Q. Audrey Hepburn was digitally recreated for a chocolate commercial in 2013, as was Bruce Lee in a Chinese-language ad for a whiskey brand. Now U.S. actor James Dean may star in a movie long after his death, writes “New Scientist” magazine. How is this possible?
A. “As computer-generated imagery (CGI) has become cheaper and more sophisticated, the film industry can now convincingly recreate people on screen — even actors who have been dead for decades,” the magazine’s Donna Lu says. Just recently, it was announced that Dean, who died in 1955, will be recreated in a Vietnam War film, using CGI based on old footage and photographs with another actor voicing him. But, according to Tim Webber at U.K.’s visual effect firm Framestore, there’s always a danger, when you’re doing anything human or humanoid, especially when working with the eyes or mouth, that the result is less than perfect. Viewers may experience the “uncanny valley,” becoming uneasy as their brain knows something’s wrong.
This new technology, of course, has sparked sharp controversy: Supporters say it’s a way to keep an actor’s image relevant for younger generations and to allow his estate to profit when he’s dead. Critics counter that it exploits the dead celebrity for profit-making. “Legally, a person’s rights to control the commercial use of their name and images beyond their death differ between and even within countries.” Robin Williams, for example, filed a deed before his death protecting his likeness from being recreated in CGI until 2039.
Says Webber: Expect to see more digital humans on screen. “It’s happening because it can happen.”
Q. Word-lovers, are you up on the meaning of these four tosspots: “wantwit,” “know-it-all,” “make-peace” and “canker-blossom”?
A. “Tosspots” are words made up by a verb and a noun, where the noun is the object of the verb, as, for example, a pickpocket picks pockets, says Anu Garg on his “A.Word.A.Day” website. “Repairman,” though, is not a tosspot, since a repairman does not repair a man. A “wantwit,” from Old English “wit” (mind), is a fool, or one lacking good sense, and was first used is 1449. Displaying a different sort of mind-set is a “know-it-all,” one acting as if he/she knows everything, dismissing others’ ideas. Better to be a “makepeace,” a peacemaker, or one who reconciles persons at odds with each other.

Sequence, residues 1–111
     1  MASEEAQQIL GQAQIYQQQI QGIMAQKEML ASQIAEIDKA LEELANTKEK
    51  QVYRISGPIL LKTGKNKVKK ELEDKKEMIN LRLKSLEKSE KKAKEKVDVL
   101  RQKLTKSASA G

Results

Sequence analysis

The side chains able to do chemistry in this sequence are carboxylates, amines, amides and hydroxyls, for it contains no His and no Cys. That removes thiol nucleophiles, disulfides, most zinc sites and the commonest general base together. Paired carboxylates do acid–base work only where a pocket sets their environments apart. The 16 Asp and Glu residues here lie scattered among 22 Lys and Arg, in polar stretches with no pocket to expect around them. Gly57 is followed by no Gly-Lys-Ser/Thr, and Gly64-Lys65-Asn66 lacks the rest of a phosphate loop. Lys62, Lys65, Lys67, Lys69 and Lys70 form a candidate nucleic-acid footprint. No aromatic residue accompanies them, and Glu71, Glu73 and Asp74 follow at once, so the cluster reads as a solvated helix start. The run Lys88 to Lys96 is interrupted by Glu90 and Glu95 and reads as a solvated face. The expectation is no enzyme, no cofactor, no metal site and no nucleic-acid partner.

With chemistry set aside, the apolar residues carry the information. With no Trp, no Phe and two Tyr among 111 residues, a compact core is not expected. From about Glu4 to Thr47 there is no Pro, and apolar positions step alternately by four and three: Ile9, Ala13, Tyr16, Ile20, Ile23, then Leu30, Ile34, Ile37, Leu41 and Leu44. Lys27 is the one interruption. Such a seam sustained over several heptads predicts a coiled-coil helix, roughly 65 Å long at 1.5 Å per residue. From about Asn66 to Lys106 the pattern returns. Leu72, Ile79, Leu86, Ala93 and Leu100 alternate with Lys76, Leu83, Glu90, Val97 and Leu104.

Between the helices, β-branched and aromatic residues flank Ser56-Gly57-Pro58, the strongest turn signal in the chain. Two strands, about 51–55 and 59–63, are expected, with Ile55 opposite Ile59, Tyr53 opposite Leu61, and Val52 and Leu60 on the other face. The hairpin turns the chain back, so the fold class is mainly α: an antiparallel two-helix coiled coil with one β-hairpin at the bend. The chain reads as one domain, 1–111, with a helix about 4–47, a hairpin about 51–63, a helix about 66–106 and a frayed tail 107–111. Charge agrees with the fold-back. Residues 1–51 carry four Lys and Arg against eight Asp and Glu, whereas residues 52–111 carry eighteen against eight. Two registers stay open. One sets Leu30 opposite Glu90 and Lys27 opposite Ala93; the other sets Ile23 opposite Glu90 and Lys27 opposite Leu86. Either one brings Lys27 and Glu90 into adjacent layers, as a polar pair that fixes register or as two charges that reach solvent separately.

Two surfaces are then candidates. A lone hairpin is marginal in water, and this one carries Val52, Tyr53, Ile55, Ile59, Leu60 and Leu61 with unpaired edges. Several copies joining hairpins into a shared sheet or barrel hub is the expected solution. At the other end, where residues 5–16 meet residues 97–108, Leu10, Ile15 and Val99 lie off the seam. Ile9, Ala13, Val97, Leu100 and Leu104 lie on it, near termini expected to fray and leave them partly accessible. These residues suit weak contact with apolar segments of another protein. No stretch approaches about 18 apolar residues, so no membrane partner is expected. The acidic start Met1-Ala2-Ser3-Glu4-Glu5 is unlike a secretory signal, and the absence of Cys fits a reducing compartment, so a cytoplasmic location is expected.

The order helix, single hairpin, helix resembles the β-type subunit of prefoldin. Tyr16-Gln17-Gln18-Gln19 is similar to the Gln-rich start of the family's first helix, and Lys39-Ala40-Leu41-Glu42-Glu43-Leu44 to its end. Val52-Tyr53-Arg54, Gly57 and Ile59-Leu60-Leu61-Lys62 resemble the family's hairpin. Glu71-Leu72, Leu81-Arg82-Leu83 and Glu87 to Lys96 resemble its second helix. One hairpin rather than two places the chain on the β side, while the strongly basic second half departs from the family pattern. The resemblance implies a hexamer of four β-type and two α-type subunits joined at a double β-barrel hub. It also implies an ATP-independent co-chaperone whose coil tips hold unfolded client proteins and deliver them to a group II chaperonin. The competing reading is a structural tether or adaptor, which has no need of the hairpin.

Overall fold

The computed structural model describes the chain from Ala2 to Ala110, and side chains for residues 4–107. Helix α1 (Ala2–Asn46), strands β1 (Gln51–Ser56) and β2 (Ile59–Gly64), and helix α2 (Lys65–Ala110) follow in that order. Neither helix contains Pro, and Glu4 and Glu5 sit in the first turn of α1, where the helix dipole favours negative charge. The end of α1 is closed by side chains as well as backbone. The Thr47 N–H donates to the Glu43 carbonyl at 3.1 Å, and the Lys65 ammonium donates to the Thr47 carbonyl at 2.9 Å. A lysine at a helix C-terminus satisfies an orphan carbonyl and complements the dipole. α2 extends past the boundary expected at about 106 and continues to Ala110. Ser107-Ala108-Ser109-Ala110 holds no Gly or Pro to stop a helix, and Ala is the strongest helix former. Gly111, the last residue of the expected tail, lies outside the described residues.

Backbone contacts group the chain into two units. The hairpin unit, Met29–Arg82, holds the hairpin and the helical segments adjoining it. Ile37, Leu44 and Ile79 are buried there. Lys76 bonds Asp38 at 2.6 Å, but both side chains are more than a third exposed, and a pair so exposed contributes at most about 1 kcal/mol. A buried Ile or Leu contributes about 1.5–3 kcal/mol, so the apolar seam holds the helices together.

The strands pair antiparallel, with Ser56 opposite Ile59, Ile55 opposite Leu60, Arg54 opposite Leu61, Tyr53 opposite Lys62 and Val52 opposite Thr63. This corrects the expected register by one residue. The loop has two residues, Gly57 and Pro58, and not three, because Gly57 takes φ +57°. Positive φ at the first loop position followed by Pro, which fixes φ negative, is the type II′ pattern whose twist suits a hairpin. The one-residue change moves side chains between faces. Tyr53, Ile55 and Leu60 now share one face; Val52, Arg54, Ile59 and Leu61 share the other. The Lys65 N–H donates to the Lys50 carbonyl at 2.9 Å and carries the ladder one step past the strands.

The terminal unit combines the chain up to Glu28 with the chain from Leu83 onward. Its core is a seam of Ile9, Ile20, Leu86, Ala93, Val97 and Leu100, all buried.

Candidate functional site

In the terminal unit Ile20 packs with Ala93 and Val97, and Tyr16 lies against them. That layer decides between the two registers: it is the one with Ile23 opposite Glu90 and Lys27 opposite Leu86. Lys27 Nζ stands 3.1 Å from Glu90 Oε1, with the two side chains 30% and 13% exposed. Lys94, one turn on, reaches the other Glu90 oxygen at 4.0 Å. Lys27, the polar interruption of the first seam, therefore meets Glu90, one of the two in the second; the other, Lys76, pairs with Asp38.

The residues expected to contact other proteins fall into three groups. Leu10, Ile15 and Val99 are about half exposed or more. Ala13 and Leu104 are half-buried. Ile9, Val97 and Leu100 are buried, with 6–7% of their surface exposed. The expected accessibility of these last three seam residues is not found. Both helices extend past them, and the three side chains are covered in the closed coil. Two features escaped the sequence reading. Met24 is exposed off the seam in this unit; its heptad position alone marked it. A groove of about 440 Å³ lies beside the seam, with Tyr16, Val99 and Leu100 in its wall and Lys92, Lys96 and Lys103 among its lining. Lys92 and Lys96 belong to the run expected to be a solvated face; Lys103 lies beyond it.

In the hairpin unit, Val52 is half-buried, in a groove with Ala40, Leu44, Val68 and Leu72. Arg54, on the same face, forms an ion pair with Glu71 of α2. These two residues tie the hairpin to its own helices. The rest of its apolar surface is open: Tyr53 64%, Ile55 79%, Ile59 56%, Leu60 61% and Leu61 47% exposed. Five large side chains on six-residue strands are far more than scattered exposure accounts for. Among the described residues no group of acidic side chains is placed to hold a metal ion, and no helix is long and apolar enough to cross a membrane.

Finally, credit William Shakespeare for coining “canker-blossom” in 1600 in “A Midsummer’s Night Dream.” Hermia says to Helena: “O me! You juggler! You canker-blossom!/ You thief of love! What, have you come by night/ And stol’n my love’s heart from him?” A “canker-blossom,” then, is one who destroys good things.
Q. As part of a study on how stress can make hair go gray, mice were injected with a compound related to capsaicin, the ingredient that makes chili peppers hot. Within five days, their hair had turned white. What was likely the cause of the color loss?
A. The body’s fight-or-flight mechanism, researchers say. Hair gets its color from melanocyte stem cells in hair follicles that are converted into pigment-producing cells, reports Erin Garcia de Jesus in “Science News” magazine. But since the body cannot replenish stem cells, as they are depleted, color vanishes.
As the mice experienced sensory stress due to the capsaicin-related compound, the stress triggered the mice’s sympathetic nervous system to release the neurotransmitter norepinephrine, which in turn overactivated the stem cells, “setting off a flurry of conversion into pigment-producing cells. And that rapidly uses up the stem cell supply.” Result: gray hair.
Could the stress-related graying process be the same in aging? Stay tuned.